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Metropolis and Me
Feb 10, 2015
Most of the people who know me are aware of my fondness for Star Trek in all its many guises. What they don’t know is that part of me — a microscopic, infinitesimally small part — is actually ashamed of how much I know about the series. I can curse in both Klingon and Romulan. Seriously.
If you don’t understand those references count yourself lucky. On the nerd scale, from 1 to 100, knowing the name of an extraterrestrial species rates a 75. Knowing their language adds 20 points to that woeful total. I am on razor thin ice, dignity-wise: the only way for me to fall further, to actually peg the nerdometer, would be to don a costume and attend a sci-fi convention.
Which I … well, never mind.
Time travel is a recurring theme in Star Trek, and no matter how ridiculous or illogical the plots, I find those episodes endlessly fascinating because they spur my imagination. I would love to journey backwards in time and discover how they transported those great stones to Stonehenge, or forward a century to see what kinds of junk food they eat in the future.
I ask you, dear readers, even if you find such speculation ludicrous, to fire up your imaginations and visit me in early November of last year. I’m sitting in front of my computer. I’ve just written, “I’m sitting in front of my computer …” and wondering what will come next. Now I’m scratching my ear. Now I’m staring at a dark spot on the ceiling and wondering if it’s a bug, which I have done at least a hundred times. Now I’m wondering what we’re having for supper. Now I’m remembering it’s probably going to be leftover chili. Now I’m happy because I think chili always tastes better the second day. Now I’m wondering why.
Time travel, as you can see, isn’t all about witnessing noteworthy historical events. It’s often boring and always confusing. To wit: at this moment in your temporal journey — which is back then for you now when you’re reading this but now for me back then — you know things I will know when it is now for me. For both of us, I mean. Are you following this?
Among the many things I don’t know in back then now is how the 2010 high school football playoffs will end. All I do know is that the big schools’ champion will be from Sioux Falls, because the four semi-finalists are all from that city.
“Is this a joke?” you snort. “You pretend violated the laws of physics and got my thens and nows mixed up just to talk about some stupid football games? I don’t believe you! I’m going back to January! In my head, I mean, because I always was in … AARRRGGGHHHH!”
Wait! Don’t turn the page! No more fake time travel, I promise. Give me a minute to explain why those games were a big stinking deal and what that portends for the future of Sioux Falls and South Dakota.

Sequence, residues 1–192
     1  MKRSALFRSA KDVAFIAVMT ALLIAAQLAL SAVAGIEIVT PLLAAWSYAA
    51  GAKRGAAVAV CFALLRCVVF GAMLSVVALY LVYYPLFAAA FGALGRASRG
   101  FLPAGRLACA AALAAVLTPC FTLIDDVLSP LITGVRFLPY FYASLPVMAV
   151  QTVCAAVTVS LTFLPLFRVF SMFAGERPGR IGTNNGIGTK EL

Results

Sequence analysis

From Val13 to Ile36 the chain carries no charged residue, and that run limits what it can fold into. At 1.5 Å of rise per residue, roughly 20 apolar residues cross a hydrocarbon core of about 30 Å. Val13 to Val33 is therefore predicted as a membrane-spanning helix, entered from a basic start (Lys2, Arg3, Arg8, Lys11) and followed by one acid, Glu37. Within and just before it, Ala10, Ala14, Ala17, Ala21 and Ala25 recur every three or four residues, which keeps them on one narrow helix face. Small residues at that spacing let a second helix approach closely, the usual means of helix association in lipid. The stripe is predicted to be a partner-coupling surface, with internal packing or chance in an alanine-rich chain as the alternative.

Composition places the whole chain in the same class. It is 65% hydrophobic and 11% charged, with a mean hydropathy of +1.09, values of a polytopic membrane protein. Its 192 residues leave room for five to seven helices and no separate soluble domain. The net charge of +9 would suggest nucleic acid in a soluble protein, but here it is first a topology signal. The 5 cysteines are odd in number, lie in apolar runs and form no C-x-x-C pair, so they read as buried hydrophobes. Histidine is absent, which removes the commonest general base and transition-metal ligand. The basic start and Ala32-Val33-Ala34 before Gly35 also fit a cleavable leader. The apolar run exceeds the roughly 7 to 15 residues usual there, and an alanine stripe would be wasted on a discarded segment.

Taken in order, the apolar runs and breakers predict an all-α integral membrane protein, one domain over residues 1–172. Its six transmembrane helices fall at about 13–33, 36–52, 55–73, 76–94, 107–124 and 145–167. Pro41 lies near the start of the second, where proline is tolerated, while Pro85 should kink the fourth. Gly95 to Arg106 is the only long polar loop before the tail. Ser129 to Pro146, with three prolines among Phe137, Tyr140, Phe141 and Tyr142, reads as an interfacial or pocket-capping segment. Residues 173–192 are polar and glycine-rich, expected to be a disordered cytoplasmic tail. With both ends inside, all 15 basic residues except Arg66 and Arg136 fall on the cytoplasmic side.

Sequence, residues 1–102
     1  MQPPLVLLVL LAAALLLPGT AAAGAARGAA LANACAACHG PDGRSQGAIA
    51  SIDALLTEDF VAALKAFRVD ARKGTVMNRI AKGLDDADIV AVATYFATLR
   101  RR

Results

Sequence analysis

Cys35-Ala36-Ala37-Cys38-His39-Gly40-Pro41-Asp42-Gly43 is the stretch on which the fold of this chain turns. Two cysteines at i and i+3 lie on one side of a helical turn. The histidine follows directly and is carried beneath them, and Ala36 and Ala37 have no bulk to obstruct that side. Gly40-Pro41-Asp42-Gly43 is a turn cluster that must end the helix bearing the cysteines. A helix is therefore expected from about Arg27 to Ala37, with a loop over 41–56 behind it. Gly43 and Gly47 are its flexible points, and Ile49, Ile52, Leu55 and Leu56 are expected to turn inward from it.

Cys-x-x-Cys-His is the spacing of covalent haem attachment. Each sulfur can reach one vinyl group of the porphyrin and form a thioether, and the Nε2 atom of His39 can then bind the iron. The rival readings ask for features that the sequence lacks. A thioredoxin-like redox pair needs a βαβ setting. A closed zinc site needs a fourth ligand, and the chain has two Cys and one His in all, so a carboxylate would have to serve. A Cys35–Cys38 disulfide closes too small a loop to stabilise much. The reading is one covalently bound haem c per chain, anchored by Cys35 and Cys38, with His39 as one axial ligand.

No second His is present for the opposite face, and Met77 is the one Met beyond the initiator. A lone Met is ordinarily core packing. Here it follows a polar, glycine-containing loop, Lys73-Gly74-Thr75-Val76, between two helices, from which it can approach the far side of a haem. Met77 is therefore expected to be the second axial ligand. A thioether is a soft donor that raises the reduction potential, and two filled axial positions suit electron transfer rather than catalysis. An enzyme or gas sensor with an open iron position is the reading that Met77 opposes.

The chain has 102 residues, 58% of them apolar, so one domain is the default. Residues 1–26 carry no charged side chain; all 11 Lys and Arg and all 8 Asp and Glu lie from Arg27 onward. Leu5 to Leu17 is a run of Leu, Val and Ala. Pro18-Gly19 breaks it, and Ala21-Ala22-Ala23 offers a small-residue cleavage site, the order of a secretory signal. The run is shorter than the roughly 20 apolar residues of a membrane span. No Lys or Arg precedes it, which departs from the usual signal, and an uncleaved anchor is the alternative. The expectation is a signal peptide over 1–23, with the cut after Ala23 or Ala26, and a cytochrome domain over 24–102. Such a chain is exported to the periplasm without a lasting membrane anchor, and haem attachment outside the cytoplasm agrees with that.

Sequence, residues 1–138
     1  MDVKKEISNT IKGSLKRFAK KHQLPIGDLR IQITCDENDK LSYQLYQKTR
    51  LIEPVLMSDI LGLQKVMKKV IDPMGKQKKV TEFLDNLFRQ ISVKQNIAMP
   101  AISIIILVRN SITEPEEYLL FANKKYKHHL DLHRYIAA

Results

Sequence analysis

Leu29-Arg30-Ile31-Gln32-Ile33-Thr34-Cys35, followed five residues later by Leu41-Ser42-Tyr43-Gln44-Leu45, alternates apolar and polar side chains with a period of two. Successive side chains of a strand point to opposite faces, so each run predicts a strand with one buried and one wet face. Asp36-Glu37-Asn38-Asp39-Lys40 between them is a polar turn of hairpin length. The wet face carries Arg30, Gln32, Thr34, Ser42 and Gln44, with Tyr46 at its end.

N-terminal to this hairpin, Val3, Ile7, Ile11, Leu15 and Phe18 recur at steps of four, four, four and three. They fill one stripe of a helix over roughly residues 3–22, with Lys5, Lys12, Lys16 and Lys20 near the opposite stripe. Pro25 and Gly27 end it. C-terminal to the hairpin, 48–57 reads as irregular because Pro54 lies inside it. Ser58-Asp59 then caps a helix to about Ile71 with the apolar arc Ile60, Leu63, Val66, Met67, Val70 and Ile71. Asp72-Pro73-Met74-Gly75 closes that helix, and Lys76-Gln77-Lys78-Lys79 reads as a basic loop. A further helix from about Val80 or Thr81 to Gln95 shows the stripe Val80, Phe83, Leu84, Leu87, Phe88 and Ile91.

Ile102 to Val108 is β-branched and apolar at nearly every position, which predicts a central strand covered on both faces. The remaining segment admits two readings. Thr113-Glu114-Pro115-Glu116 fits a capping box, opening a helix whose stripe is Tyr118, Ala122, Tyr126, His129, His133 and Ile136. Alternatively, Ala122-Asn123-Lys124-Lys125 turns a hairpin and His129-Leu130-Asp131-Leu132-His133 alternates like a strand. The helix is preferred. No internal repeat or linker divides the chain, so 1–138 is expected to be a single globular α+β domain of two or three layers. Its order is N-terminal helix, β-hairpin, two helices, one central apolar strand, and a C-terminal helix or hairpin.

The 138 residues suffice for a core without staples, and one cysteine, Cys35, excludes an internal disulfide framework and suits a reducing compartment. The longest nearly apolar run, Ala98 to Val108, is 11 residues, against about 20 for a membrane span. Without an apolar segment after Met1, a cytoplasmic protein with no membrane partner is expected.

Here’s the deal. I am an admitted football fanatic, yet my attitude was, “Who cares? Not me, that’s for sure!” Why such petulance, you ask? It was a simple case of sour grapes. It’s petty and it’s poor sportsmanship and I hate to admit it, but gee whiz! Sioux Falls seems to be winning everything these days!
Before I go on, let me emphasize that I harbor no ill will for the good people of Sioux Falls. I love you guys like Moe loves Curly! Think of my pique as an inevitable consequence of the growth of your city. Technically speaking, you are still within the four square boundaries of South Dakota, but your relationship with the rest of us is changing.
Let me illustrate my theory by using the example of our sister state to the south. Nebraska has lots of farms and small towns, and many of the people who live in them think of such places as the “real” Nebraska. Their relationship with the “other” Nebraska, Omaha, is complicated. When their children grow up and want to wear suits to work instead of seed caps they are glad so many kinds of Big City careers are available in the O, yet the grandkids are only a day trip away. They are also, in a very real sense, as proud as the city’s residents that so many possibilities and amenities can be found so close to home.
At the same time, there is an uneasy “nice place to visit, but I wouldn’t want to live there” attitude in the wide open spaces beyond Dodge Street. Every step removed from the way things are done in a small town is seized upon and exaggerated; parallels are drawn to Sodom and Gomorrah. When a son decides to move there, mothers sigh and light a candle. If a daughter gets a job in the city fathers start forwarding them e-mails with subject lines of “Top Ten Tips for Surviving in a Godless Metropolis,” like always look through the peephole before you open your apartment door and never leave home without mace in your purse. They envy the city for its advantages and resent its successes. What galls most of all is that so many young people would rather visit and shop and live there than in the “real” Nebraska.
Okay, perhaps I’m exaggerating. A little. Besides, Sioux Falls and the rest of South Dakota aren’t quite to that stage in their relationship yet.
But if you step into my time machine …
Editor’s Note: This column is revised from the January/February 2011 issue of South Dakota Magazine. To order a copy or to subscribe, call (800) 456-5117.